To give an indication about what these waking up paths are actually like. In other words, what you experience when you have an enlightenment experience. What I'm going to do here is give a very simplified, a very shortened exercise that hopefully will give at least little experiential hint of what these paths are pointing to.
We mentioned that virtually all of the waking up paths make a distinction between the ordinary or typical self-big-ego or the separate self-sense and our true self, or real self, which actually reaches far beyond this individual organism and is one of the entire ground of all being itself. How we can get at least a little taste of what that means?
We can start by just having you simply describe inwardly what it is that you basically call this self of yours. Just or simply, who are you? Make a list of the things that you are. You might say, “My name is so and so. I’m this old. I weigh these many pounds. I’m this tall. I went to school here. I had this degree. I'm in a relationship now for five years. I don't have any kids. I work at this job. My hobbies are these. I drive this car. I like this kind of music, these types of books, “and so on and so on. That’s fine. You could go on and on like that.
Notice when you're doing that there are actually two selves involved, one is the self that you can see, the self that you are engaged as describing. The self that can be an object of awareness, but the other self is a self that’s doing the describe. The self that’s doing the seeing. It’s not a seeing self, it’s the seer, and the seer could no more sea itself than a tongue could taste itself or an eye could see itself.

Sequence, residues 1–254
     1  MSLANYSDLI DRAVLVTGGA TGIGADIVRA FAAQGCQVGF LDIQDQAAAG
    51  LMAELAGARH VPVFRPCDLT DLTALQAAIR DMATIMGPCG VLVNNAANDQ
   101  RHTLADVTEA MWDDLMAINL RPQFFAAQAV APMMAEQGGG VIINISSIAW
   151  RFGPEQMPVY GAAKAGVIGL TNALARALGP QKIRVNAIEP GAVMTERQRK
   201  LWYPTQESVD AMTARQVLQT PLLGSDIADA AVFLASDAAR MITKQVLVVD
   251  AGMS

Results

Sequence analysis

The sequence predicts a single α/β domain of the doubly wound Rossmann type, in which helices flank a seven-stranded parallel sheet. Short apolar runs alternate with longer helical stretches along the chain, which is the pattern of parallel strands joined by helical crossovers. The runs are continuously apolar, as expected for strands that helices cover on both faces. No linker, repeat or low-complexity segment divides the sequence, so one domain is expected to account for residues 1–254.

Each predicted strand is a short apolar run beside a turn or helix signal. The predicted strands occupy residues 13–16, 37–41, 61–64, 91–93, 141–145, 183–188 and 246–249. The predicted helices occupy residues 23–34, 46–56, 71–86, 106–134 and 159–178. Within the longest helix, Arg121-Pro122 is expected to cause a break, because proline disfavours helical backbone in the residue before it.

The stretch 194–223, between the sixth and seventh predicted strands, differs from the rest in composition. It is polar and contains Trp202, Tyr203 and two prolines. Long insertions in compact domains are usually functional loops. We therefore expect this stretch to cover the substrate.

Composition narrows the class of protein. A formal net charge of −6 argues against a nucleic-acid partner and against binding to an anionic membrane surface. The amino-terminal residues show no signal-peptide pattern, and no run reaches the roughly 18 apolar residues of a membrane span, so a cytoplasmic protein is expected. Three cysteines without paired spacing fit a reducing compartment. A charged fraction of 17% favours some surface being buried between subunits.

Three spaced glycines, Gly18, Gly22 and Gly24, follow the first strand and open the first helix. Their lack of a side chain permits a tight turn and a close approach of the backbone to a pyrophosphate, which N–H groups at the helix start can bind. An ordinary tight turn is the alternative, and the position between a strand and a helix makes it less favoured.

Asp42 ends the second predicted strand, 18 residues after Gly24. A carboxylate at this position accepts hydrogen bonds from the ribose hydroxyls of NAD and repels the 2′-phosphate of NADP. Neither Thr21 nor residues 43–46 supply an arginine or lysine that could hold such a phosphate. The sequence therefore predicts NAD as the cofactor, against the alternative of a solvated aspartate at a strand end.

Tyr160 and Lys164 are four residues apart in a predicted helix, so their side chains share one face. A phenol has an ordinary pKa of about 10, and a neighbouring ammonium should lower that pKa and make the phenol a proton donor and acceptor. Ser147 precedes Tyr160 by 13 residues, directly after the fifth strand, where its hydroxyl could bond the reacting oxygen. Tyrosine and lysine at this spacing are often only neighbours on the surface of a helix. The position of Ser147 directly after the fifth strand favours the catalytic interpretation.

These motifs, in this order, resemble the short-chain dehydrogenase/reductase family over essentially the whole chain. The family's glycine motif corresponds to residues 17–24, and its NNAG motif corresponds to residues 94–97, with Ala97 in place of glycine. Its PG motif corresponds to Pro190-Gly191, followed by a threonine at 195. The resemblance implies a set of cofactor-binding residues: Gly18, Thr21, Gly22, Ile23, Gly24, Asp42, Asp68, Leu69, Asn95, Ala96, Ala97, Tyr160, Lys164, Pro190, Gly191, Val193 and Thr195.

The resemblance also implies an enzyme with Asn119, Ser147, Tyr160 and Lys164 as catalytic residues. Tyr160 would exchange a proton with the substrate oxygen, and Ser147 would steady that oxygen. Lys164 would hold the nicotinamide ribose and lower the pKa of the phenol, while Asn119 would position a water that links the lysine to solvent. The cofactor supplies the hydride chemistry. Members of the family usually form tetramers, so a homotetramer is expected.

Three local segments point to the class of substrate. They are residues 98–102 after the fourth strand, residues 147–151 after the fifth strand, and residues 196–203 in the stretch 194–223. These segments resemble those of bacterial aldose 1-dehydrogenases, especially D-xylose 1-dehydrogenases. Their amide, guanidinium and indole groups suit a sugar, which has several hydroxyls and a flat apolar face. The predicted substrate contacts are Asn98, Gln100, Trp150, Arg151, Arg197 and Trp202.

What is this observing self? The real seer? Was is that? As you look for this true seer, this real self, you won't see anything. If you see anything, that's just another object, another scene. It’s not the real seer or the true subject or the real self. Rather, if you look for this real seer and you continually realize that anything can see is not it, is not the real seer, all you start to notice is a sense of vast freedom, a sense of almost complete release. It’s along the lines of I see that mountain, but I'm not that mountain. I'm free of it. I have these sensations but I'm not these sensation. I'm free of them. I have these feelings but I'm not these feelings. I'm free of them. I have these thoughts, but I’m not these thoughts. I'm free of them. I am what remains, a vast pure empty opening or clearing in which all these objects are arising and I'm free of all of them. I'm a pure witness. I’m a pure awareness itself. Not any content of awareness.